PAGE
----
Such a limited list of authors mentioned in the press may prove the merely tangential interest in the visionary trend in architecture, for which a very small canon of constantly repeated names and concepts was sufficient. To a certain extent, the list replicates the patterns of influence that had been present in Polish culture for a long time. Even disregarding the fact that the work of Friedman and other “spatial urban planners” (among whom there were not only native Frenchmen; Friedman himself is Hungarian) was pioneering for the megastructural trend in many points, perhaps it would not be so well known to us if it were not for the fact that these artists were active in France, a country that throughout the 19th century (if not long before) and for several decades of the 20th century was seen by Poles as the “centre” from which new styles of art, especially painting, were imported into Poland. In architecture, at least as far as the 20th century was concerned, this was not so obvious (e.g. the circles of interwar architectural avant-garde were indeed polycentric), but there is no denying that Paris, France at large, were the places where Polish architects were probably most eager to look to during the communist era; actually, many of them, when emigrating, decided to live there.
As for the popularity of the Japanese, it seems that it was primarily a reflection of their general success in the international arena of visionary architecture. Their fame was well-deserved. Apart from Friedman, it was Japanese who introduced the idea of flexibility and variability, and they probably contributed the most to popularising the idea of dividing the megastructure into a relatively stable supporting structure and its interchangeable filler. Finally, it was the Japanese Fumihiko Maki who created the concept of megastructure in 1964. Above all, it seems that Japan was perceived, and not just in Poland, as a country where, thanks to the technological and economic advancement, “the future had already begun.” Hence the close monitoring of what was going on there in architecture seemed by all means justified and besides far “safer” than an interest in American accomplishments in this regard.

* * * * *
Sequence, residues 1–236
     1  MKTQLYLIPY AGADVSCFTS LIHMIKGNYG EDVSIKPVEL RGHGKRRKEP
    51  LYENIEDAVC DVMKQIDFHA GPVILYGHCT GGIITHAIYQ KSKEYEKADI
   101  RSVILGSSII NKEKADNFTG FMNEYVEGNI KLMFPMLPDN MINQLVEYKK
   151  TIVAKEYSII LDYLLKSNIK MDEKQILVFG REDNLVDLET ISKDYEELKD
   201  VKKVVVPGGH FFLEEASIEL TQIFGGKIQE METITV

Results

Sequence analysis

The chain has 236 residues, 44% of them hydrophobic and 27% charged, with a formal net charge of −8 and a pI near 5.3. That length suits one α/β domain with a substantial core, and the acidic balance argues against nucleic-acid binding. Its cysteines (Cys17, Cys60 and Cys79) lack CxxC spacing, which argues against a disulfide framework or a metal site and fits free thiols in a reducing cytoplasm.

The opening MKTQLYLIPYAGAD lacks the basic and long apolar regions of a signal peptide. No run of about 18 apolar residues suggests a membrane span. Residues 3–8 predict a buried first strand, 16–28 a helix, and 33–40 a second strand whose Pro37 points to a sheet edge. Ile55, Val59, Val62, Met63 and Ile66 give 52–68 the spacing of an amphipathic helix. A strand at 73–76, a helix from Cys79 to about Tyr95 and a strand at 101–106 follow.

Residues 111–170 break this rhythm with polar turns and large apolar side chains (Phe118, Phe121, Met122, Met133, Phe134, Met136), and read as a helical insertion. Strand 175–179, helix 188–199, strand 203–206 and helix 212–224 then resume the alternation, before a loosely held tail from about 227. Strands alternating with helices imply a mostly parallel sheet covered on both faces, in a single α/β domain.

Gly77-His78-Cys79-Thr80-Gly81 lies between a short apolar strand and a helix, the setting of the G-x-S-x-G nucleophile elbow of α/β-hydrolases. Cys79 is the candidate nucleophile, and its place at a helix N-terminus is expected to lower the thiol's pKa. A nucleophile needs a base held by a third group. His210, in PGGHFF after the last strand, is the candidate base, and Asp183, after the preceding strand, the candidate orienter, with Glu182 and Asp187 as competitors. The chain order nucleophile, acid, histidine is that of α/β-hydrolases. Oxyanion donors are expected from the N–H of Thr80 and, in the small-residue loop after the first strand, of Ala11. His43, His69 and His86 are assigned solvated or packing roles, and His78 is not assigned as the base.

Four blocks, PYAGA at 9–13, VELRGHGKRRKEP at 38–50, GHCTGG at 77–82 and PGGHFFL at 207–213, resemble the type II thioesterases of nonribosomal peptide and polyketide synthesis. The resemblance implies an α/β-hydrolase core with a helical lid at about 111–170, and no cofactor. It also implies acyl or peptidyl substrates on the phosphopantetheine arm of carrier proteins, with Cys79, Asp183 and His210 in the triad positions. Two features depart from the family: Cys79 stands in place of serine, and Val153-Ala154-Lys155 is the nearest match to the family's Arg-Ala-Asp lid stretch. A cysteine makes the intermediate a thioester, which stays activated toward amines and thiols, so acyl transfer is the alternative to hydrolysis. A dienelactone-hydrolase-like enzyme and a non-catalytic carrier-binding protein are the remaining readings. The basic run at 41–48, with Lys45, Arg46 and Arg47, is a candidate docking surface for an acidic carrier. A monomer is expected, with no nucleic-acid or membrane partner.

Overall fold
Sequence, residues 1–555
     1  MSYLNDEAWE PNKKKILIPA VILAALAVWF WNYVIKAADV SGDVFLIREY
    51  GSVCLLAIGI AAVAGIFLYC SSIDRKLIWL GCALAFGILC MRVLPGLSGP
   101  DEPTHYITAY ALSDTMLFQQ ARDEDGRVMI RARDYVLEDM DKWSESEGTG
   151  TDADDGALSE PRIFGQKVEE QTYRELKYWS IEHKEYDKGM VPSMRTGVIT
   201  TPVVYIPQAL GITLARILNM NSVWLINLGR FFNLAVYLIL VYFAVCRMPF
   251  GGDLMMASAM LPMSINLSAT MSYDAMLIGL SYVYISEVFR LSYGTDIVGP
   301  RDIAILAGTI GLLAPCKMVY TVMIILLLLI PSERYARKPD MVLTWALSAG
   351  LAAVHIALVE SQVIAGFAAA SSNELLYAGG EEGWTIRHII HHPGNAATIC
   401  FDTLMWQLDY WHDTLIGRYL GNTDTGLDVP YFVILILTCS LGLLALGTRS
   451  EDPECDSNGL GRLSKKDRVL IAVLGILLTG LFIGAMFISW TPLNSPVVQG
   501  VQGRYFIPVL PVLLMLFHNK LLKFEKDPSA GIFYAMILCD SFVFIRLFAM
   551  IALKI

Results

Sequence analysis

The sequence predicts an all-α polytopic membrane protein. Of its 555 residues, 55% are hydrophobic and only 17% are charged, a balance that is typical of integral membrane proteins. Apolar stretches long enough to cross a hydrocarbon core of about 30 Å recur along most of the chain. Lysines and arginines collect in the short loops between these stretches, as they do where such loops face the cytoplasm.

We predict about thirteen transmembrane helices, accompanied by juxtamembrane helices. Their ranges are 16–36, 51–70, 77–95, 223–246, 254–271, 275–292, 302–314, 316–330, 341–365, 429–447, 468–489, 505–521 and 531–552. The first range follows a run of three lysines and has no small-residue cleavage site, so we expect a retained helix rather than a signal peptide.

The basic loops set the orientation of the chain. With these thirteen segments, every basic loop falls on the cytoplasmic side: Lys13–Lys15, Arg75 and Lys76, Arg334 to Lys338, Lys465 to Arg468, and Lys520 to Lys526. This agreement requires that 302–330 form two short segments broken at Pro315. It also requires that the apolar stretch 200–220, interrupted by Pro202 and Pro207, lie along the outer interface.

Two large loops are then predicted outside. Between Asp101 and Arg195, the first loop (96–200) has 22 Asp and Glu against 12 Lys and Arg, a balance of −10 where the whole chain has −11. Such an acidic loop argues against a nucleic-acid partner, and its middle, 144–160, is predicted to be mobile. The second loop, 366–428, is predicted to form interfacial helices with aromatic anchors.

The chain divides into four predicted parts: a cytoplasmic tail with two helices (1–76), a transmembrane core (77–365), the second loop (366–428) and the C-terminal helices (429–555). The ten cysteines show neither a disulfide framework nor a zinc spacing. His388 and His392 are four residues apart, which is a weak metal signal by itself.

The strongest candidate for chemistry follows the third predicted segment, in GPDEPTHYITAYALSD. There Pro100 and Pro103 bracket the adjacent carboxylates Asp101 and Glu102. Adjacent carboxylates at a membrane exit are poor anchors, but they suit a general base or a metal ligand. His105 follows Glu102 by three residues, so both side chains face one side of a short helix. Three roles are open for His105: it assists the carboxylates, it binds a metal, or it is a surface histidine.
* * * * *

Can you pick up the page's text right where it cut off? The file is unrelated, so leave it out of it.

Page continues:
But why is it that the group associated with the British magazine Archigram was not very popular? After all the United Kingdom also riveted the keen attention of the artists and architects working in communist Poland. Most importantly, UK architects were from afar the most influential of the entire megastructural movement, their projects inspiring quite a lot the young architects throughout Western Europe and even (later on) the “metabolists.” It seems that the main reason here was the “pop” aesthetics of Archigram, which was paradoxically attractive and rejuvenating leading to unleashing layers of architectural and visual imagination in those inspired by it. On the other hand, they had a positive, even enthusiastic attitude towards Western consumerism, but they were also peculiarly ironic. It seems, however, that for Polish critics the architecture of the future was a much too serious problem to accept such approach. At the same time, it was contemporary and excessive popular. Commenting on more or less thinkable concepts of foreign visionaries, local authors were always aware of the terrible state of Polish architecture (especially housing) and of the fact that what was built in the country was the “architecture of the future” due to the immanent durability of its construction. This meant that the futurological discourse often intermingled with or transformed into a discourse devoted to the current and most pressing problems.